BY MY THIRD DAY IN MILAN, I started to feel like I was trapped in a giant shopping mall. Each name brand designer has half a dozen stores here, and every American chain is represented. Tonight, my last in the city, I walked up Corso Vittorio Emanuele, one of many major shopping streets, and have to concede that even New York doesn’t have that concentration of stores anywhere. It’s store upon store, along the side streets too, as far as the eye can see. This is Italy’s fashion, design and finance capital, and the spending prowess is here. I climbed to the roof of the Duomo today — an unmissable experience — and was surprised not to find a Dolce & Gabbana billboard up there.
My genteel hotel, Gran Duca di York, while tucked away in a quiet back street, is a few minutes’ walk to Piazza del Duomo, top, with all its hawkers, buskers, street artists, shoppers, students, tourists, locals. (I think I finally figured out what the latest street vendors’ product, a three-foot-long long metal stick which holds an iPhone or camera on the end, is for: taking better selfies.)
Starting May 1 and continuing through the summer, there’s going to be a World’s Fair here, Expo Milano. So there are street repairs and construction going on everywhere, adding to the chaos.
Above: The entrance to the Galleria, the Victorian-era shopping mall, is currently enshrouded in scaffolding and wrapped in a billboard.
As an antidote, I needed some culture. I paid a visit to the Museo del Novecentro (Museum of the 20th Century), below, opened in 2010, and loved it. The five-story museum’s architecture is outstanding, its ramps, escalators, and glass walls always visually connected to the historical surroundings. Almost exclusively Italian works are presented in order of their execution, from Futurist painting and sculpture of the ‘teens and ’20s through conceptual installations of more recent decades, like rooms empty of anything but moving laser beams.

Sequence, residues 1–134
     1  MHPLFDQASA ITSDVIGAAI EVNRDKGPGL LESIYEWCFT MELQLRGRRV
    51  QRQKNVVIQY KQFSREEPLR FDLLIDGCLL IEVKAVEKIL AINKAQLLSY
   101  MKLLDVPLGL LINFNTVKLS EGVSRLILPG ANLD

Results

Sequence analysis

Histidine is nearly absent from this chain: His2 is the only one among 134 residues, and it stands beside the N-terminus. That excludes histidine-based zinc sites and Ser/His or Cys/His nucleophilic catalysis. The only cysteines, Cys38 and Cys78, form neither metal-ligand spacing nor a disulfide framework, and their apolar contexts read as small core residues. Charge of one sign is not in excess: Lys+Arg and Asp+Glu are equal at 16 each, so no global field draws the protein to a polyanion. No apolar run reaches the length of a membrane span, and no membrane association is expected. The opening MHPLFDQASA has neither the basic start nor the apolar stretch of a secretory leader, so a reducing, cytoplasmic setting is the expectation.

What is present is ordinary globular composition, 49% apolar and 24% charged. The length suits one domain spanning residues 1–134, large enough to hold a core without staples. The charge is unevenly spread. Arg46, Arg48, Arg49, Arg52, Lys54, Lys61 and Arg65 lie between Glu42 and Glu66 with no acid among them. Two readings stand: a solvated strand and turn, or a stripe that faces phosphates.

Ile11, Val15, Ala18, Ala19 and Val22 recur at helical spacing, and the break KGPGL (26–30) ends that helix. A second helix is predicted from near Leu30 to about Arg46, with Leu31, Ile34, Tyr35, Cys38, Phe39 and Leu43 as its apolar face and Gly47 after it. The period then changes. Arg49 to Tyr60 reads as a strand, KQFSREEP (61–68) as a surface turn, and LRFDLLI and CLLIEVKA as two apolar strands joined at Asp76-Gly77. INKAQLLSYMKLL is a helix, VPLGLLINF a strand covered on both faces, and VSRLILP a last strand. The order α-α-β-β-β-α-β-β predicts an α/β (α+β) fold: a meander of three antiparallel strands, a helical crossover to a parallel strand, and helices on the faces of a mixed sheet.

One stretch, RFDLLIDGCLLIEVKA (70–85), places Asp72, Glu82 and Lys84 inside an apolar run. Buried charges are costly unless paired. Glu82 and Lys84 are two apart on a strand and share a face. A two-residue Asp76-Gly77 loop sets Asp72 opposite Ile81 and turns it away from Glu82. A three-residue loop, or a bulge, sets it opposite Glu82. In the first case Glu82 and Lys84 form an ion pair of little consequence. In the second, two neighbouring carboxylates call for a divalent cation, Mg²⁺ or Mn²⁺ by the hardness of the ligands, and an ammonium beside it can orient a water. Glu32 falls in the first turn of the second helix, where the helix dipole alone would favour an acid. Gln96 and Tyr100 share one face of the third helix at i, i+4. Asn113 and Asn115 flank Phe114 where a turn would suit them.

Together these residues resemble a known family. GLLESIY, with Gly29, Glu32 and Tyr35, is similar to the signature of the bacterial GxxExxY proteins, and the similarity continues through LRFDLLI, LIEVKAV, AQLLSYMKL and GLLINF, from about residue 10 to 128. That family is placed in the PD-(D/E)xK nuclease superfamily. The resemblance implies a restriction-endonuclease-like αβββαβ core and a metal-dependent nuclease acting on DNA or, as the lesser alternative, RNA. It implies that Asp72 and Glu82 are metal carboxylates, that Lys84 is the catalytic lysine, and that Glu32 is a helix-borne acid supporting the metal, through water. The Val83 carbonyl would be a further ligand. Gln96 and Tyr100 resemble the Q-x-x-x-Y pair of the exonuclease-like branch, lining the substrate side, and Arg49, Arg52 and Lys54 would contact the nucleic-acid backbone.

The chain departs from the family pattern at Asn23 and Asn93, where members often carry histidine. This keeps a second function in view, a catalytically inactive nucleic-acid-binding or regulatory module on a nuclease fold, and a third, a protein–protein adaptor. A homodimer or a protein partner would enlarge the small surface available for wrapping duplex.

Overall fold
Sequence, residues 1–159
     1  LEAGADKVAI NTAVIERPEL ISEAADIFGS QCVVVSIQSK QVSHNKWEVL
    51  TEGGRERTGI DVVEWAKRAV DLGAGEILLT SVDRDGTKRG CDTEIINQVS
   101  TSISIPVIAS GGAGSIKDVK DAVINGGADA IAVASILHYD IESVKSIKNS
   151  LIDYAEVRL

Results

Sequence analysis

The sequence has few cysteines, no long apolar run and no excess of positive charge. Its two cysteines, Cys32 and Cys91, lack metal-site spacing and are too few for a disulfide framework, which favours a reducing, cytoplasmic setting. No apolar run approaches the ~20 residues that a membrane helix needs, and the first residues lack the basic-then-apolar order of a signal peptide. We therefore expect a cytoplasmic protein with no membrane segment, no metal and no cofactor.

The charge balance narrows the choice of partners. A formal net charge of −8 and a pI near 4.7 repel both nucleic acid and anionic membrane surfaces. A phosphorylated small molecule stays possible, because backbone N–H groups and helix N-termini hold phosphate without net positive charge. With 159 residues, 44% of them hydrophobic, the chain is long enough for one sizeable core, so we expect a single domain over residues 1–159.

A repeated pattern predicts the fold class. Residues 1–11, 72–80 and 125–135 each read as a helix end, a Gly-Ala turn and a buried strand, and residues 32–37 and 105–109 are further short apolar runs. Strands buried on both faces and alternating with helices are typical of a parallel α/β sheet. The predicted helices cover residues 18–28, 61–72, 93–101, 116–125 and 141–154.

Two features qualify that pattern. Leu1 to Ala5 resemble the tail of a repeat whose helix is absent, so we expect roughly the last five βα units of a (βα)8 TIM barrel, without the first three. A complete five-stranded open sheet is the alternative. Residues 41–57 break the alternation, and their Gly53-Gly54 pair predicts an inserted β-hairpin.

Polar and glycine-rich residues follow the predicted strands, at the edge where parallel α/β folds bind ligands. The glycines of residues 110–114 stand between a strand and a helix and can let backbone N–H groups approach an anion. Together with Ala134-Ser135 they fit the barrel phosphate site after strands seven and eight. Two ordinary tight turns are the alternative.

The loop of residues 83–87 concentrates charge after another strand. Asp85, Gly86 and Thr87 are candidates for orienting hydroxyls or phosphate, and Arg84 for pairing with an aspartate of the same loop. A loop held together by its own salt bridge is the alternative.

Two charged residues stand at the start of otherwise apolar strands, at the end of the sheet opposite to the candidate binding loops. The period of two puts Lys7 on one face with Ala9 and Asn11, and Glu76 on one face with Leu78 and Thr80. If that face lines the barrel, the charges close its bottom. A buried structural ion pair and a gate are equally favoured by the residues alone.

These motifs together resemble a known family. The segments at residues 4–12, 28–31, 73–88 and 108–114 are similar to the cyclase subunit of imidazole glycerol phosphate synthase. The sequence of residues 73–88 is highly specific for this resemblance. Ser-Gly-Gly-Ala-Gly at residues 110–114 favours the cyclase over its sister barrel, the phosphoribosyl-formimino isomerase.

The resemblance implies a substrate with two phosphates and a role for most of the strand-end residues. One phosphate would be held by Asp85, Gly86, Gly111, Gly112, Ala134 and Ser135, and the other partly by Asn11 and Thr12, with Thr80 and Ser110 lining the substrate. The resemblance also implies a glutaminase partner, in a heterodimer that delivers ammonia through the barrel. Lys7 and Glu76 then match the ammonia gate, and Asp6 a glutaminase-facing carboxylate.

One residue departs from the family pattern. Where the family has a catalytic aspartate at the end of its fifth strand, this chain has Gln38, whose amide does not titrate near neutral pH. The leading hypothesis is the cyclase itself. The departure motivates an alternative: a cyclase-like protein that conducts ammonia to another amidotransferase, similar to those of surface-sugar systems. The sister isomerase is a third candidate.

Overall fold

The climb to the top of the Duomo was the equivalent of nine floors, according to my iPhone’s pedometer, via a narrow twisting stair. (There’s also a lift.) Emerging onto the roof, face to face with all that intricately carved marble, you marvel at the fact that it took only 500 years to put together. The view is astounding in all directions.
From the top I spotted Torre Velasca, below, the 1958 skyscraper whose top floors are cantilevered over the rest, an idea never to be repeated. It remains a unique symbol of venturesome Milanese design. I later walked underneath it in my quest for lunch.
I walked and walked, taking in more of the city, including the area around University Statale, below, full of bookstores, cafes, motorcycles, and of course, high-spirited students.
My eventual lunch spot, Cantina Piemontese, below, in the same location on via Laghetto since 1908, is a find — I loved the ambience and the food (that’s my starter, artichoke hearts with bufala mozzarella). All that bread’s for me?! (They charge for it, and I keep forgetting to tell them not to bring it.) As usual, I was early, but the place soon filled up with well-tailored businessmen and ladies who lunch. All locals; I was the only non-Italian-speaker within earshot.
I walked and walked and walked some more. Since my first evening in town, when I was afraid I wouldn’t find my hotel, I’ve been comfortable walking around the city after dark. There are people everywhere.
Milan is a complex, exhilarating place. It’s stressful to navigate, in the same way midtown Manhattan would be for a newcomer. But I’m not opposed to spending more time here at some point, particularly as it is often the least expensive European city to fly in and out of. After three days and four nights, I know I only scratched the surface.